Pure Water Production: Realizing Water, Energy and Cost Savings through Water Technology Upgrades
Whether operating a reverse osmosis system or an ion exchange demineralizer, there are several technology upgrades that exist when evaluating potential improvements to a water treatment system. These technologies can help improve system performance, provide cost savings and improve reliability, ultimately enhancing efficiency without sacrificing efficacy.
By Jim Summerfield
Pure demineralized water is an essential part of nearly all industrial processes, ranging from electric power generation to refinery process steam production. The need for effective and efficient pure water production is often eclipsed by the immediate needs of just producing enough water to satisfy the daily demand. Today's water treatment technology provides plant operators and management an opportunity to improve efficiency without sacrificing efficacy.
Not all water treatment systems are identical; therefore, there is no single right solution. Whether operating a reverse osmosis (RO) system or an ion exchange demineralizer, there are several technology upgrades that exist when evaluating potential improvements to a water treatment system. These include:
- Energy savings by utilizing low-pressure or low-energy membranes
- Energy and chemical cost savings by utilizing fouling-resistant membranes
- Fewer mixed bed polisher regenerations by utilizing high-rejection membranes
- Extended throughput and lower chemical, energy and wastewater costs by utilizing uniform particle-size ion exchange resins
- Packed-bed technology
- Pretreatment technology to level off feedwater variability and provide consistent water quality to down-stream processes.
All of these technology choices can help improve system performance, provide cost savings and improved reliability.
Water plant professionals are all faced with the challenge to sustainably produce more water without sacrificing quality. There are options that can immediately help achieve these goals.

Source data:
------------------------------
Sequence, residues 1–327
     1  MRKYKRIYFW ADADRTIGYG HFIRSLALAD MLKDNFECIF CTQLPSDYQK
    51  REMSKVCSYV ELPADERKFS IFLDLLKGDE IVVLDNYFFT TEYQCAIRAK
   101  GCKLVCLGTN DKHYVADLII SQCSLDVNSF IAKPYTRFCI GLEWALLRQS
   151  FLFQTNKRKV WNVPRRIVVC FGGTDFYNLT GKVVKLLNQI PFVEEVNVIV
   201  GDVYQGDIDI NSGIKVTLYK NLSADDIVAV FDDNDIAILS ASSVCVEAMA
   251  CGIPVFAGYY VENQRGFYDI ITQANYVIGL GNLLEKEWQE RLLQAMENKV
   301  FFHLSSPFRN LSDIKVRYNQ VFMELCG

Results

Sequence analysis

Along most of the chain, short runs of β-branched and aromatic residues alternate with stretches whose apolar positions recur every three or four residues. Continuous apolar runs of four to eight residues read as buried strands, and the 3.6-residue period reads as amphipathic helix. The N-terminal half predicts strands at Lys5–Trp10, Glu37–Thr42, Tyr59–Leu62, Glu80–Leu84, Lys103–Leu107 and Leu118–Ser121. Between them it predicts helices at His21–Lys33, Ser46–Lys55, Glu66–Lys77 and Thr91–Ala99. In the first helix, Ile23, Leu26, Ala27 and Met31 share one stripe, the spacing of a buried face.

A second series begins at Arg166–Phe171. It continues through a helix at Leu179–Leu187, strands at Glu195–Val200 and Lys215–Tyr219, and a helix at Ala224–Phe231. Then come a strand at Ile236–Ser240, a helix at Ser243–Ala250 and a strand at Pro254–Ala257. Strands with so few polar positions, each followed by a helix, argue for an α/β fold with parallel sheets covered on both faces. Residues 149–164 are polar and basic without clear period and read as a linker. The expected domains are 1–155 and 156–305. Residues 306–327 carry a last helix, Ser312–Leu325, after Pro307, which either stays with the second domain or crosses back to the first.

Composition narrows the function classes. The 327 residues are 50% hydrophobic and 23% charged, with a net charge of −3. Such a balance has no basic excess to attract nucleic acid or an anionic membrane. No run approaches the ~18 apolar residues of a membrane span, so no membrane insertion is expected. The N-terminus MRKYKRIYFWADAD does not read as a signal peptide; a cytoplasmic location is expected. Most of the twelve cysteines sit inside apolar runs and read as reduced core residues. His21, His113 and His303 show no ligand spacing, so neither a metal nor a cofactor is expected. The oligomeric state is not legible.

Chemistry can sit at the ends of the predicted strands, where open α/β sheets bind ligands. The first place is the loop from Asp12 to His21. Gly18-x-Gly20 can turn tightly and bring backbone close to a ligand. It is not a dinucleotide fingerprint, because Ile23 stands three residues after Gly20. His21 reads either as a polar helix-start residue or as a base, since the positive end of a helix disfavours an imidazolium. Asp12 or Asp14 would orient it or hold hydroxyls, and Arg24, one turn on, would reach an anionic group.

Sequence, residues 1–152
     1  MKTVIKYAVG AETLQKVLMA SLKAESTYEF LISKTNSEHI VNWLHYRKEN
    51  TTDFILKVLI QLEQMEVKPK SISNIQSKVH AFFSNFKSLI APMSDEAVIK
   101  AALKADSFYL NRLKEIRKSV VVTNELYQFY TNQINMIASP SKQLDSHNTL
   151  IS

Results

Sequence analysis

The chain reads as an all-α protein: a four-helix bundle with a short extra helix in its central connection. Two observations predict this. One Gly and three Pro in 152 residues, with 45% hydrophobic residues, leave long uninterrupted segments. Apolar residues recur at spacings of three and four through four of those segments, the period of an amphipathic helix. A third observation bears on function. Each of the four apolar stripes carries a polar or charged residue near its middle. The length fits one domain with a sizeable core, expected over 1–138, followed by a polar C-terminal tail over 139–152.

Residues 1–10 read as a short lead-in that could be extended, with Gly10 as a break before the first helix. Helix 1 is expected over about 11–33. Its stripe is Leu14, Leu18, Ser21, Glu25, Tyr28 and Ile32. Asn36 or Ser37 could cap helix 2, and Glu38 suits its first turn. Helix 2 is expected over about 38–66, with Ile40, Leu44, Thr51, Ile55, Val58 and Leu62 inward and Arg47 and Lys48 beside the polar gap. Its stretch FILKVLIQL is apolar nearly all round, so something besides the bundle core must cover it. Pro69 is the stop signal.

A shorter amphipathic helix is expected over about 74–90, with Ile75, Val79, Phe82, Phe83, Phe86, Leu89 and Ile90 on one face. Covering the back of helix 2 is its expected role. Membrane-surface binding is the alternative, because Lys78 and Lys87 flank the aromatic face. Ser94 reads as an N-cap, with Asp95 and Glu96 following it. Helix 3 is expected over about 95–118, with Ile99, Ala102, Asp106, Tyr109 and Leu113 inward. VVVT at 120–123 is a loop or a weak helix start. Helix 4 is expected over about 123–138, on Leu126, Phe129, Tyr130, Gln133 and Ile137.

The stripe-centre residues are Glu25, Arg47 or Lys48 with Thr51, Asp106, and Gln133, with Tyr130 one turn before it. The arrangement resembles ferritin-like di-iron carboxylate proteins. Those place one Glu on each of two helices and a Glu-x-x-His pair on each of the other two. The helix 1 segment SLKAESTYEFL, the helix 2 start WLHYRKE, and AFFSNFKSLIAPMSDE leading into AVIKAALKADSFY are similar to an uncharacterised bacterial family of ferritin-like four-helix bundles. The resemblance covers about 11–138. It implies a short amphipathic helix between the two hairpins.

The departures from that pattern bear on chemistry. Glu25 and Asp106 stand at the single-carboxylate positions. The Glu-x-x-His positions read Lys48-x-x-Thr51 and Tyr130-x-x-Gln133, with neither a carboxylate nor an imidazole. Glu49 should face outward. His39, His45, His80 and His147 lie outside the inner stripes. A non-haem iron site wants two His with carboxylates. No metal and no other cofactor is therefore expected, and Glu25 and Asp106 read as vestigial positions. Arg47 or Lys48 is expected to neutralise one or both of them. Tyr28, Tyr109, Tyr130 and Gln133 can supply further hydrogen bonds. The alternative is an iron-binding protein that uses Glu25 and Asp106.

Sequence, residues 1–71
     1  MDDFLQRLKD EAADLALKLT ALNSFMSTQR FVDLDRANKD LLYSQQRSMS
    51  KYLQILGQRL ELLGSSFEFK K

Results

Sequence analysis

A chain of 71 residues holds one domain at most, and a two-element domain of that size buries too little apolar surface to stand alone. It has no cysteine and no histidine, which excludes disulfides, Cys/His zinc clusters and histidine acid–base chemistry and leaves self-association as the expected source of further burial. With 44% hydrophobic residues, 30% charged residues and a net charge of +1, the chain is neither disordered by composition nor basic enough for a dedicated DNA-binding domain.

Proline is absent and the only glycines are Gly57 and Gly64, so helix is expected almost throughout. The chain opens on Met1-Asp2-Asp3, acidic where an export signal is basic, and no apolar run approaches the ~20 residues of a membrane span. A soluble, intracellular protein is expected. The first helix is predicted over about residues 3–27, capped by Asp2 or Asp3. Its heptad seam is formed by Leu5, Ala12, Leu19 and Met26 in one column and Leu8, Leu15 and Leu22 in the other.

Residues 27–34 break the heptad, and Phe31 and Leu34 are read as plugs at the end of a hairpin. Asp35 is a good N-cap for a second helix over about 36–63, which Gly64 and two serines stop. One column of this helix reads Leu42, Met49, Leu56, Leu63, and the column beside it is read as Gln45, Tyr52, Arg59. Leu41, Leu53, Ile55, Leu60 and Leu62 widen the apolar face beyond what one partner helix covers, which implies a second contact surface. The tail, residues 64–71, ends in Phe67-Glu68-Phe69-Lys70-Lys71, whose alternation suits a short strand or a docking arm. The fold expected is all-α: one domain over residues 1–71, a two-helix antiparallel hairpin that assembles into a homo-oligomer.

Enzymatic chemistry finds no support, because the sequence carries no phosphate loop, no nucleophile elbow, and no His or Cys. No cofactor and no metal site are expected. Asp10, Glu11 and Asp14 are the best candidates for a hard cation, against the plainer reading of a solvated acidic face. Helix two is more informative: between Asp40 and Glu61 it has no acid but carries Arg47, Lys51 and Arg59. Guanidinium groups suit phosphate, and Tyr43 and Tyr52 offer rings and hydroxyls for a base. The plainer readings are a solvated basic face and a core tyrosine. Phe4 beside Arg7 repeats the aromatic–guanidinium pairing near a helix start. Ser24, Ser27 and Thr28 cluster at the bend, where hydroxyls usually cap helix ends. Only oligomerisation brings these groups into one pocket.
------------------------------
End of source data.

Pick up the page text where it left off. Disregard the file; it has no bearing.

RO technology has evolved greatly over the past three decades. Desirable for its continuous operation and absence of chemicals for regeneration, this technology is a solid contributor in the quest for "more, better water." Energy consumption and chemical cleaning are key operating costs associated with this process.
One of the greatest achievements in minimizing the overall cost of RO operation has been the development of low-energy and high-rejection elements. This technology allows system owners to consume up to 34 percent less power. Moreover, high-rejection elements provide improved water quality and lower downstream water treatment costs by reducing or eliminating the need for mixed-bed polishing. Figure 1 shows energy cost savings using elements containing low-energy membranes.
Lower-fouling RO technology has evolved greatly as well. The benefits associated with low-fouling membranes generally justify the premium price for this technology. Combining maximum element surface area, optimized feed spacers and unique membrane chemistry, the reduction in cleaning frequency means more up-time for water production and a reduction in chemical cost and wastewater associated with cleaning. Figure 2 shows pressure drop across a membrane system purifying high-fouling water. The optimized 34-mil feed spacer has clear advantages over the other feed spacer designs. Operations with this feed spacer showed lower pressure drop initially and during operations as compared to the standard 28-mil feed spacer.
Ion Exchange Systems
Ion exchange, used to remove ionic impurities from water, is a seasoned and effective high-purity water treatment technology. Several aspects of an ion exchange system can be optimized for more efficient operation. Using true uniform, particle-size ion exchange resin will immediately help lower pressure drop across a bed of resin, consume less rinse water during regeneration and reduce backwash flow rates. In addition, better water quality can be achieved through higher regeneration efficiency, reduced leakage, improved resin separation in mixed beds, faster kinetics, and ultimately higher operating capacity.